Wayfarer–Yes, the condition of hyperacusis is rare but you are not alone. I would recommend the website of the Hyperacusis Network. I tried to include their link, but this page refused to print it. Once there, read from some of the drop-down menus and then go onto the message board. This website is not selling anything, it's a group of sufferers who pass along information to each other. Also keep in mind that you will see that the consensus for hyperacusis treatment among many audiologists is a bit counter-intuitive. Their approach involves a gradual re-introduction of daily sounds into your life while the brain slowly re-sets itself. I have also suffered from this problem and I know it's maddening, but recovery is possible.

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What was your path to recovery? Urgently looking for help for my twin sister. Thank you

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@karenbeenken

What was your path to recovery? Urgently looking for help for my twin sister. Thank you

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Hi Karen, allow me to tag fellow members @rivers99 @nurseheadakes @lhester10 @mikepa @mark888 @earlyaudio to share their experiences with hyperacusis.

I can see you are clearly concerned for your sister. Is this a new diagnosis for her?

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Hi – This is Eloise [Nurseheadacke]
Yes – this is NOT a nice symptom to have along with hearing loss, tinnitus, vertigo and other vestibular and brain disorders. Hyperacusis is a result of some type of damage to your auditory nerve system and creates a phantom type feeling you will have whenever you are subject to any type of loud or high density noise. Pressure from this noise attacks your auditory/vestibular nerves and gives you the sensation of pain in your brain, causing you to withdraw from the area or the noise that is causing the pressure.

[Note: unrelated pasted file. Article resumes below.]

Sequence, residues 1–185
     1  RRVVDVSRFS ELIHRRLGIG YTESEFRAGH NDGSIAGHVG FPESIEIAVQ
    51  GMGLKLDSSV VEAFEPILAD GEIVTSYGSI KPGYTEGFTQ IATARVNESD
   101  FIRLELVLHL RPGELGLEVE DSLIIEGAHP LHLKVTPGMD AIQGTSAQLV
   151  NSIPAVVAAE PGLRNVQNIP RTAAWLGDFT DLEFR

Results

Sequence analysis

As my hearing loss progressively got worse, I developed this symptom and identified where, when and why it occurred in my daily life. My audiogram and other tests done in the sound booth helped identify when the hyperacusis showed up and at what pitches it hurt my hearing/brain. I always winced when the noise got too loud or high or the pitches hurt my ears. I had my hearing aids' programs set so that I could turn down the volumes if any background noises were too loud or uncomfortable for me to tolerate. And if I still was unable to enjoy my surroundings, I could leave or ask that the music, noise or whatever would bother me – would kindly turn it down. This is the time to plan before doing, going or attending anything where noise is a factor. Request quiet places, away from children, noisy kitchens, bands, musicians, etc. Peruse before deciding where you will be sitting, attending, participating, in any building or environment so that you have less feedback. Experiencing screaming children at the next table in a restaurant is not a pleasant way to suddenly deal with the amplification of a hearing aid and hyperacusis at the same time. It happened to me this week. AND I let the owners of the restaurant know I was not happy when there were plenty of open tables for elders in a different area. We always need to speak up and let everyone know. They can't see it written on our foreheads or faces. We need to advocate for our best interest.
Keep a diary of ALL of your symptoms so that you neurologist knows what you are dealing with. There is so much momentum now in charting out what the brain and auditory system is doing and how it functions in the RESEARCH world. That is why you all must talk to your doctors and audiologists and the FDA about what you are experiencing right now. There is a 26 day window still to get your STORY in to the FDA for the Externally Led Patient Focused Drug Development Meeting that took place this last Tuesday. HLAA held the live Meeting. Go to their website and give you story and comments about your Hearing Loss, Tinnitus, Hyperacusis, etc so they hear our stories. Thank you.

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@colleenyoung

Hi Karen, allow me to tag fellow members @rivers99 @nurseheadakes @lhester10 @mikepa @mark888 @earlyaudio to share their experiences with hyperacusis.

I can see you are clearly concerned for your sister. Is this a new diagnosis for her?

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Hi, Colleen,
My sister has had tinnitus for about 10 years and Hyperacusis the last few years. But both worsened dramatically about a month ago. All she could tie it to was a side effect from the Moderna vaccine. Nothing else had changed. Have you heard of others with this side effect? She can no longer play the piano at all and even riding in a car or on a bike worsens it. Thank you for any help you can give.
Karen